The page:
Thousands of Utahns have put one child on a financial account with the child promising to share the account with other heirs after the parent passes away. Utah law will not enforce this verbal promise. Even if other heirs are supposed to inherit money from these accounts, your co‑owner can withdraw the money and the other heirs may never see it unless they go through a long and expensive probate process.

  5. Signing an unrecorded deed for your property: Some Utahns think they can avoid probate by signing a deed but not recording it with the county records. This is risky. A deed that is recorded years after its signing can cause title problems.

    Living on a property for years after you deed it to another person can suggest the deed is invalid and may open the deed to an attack by creditors or other heirs. If the deed is accepted, large taxes may result from a transfer on the signature date.

    Often, unrecorded deeds are not found. If it is found by potential heirs who are not on the deed, they may hide or destroy it. In other cases, unfiled deeds can be forgotten and contradict estate plans created after the deed was created. Our advice is to not do this.

The four bests ways to avoid Utah probate

We’ve seen some of the worst ways Utahns try to avoid probate. Here are the four best and simple ways to avoid it that also won’t cost too much money:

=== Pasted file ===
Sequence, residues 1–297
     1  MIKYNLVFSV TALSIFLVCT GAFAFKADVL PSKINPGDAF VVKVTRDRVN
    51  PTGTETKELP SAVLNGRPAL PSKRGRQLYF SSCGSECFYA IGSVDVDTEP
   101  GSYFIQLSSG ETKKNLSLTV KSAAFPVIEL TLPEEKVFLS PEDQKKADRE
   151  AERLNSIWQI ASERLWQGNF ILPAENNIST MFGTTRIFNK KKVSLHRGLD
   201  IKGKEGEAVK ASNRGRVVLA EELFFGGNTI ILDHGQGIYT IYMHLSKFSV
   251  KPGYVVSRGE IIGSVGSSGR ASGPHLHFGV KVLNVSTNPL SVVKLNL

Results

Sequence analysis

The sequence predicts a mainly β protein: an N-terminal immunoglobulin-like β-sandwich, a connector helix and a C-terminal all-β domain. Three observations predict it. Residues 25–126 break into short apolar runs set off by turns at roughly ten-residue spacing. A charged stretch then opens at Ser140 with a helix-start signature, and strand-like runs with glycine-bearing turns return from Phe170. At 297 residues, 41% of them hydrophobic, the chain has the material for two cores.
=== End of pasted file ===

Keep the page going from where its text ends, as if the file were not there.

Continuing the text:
1. Create a revocable trust: The best way for Utah families to avoid probate is through the creation of a Utah revocable trust, also known as a living trust. The trust is “revocable” which means it can be changed or terminated. They are called “living” trusts because they are created while the person is still living.

    Revocable trusts avoid probate because the creators (also called “trustors” or “settlors”), transfer their property to the trust, and the trust continues beyond their deaths. People chosen by the creators manage the trust after the creators die.

    A revocable trust has powerful advantages over all other methods of avoiding probate. Some of these benefits are:

  • Trusts allow the trust creators to freely manage and use the assets of the trust as their own while they are alive.
  • Trusts provide for a succession of trust managers (“trustees”) if the trust creators become disabled or unwilling to manage the assets.
  • Trusts can preserve assets for the surviving spouse.
  • Trusts provide detailed instructions for the transfer of assets to the next generation.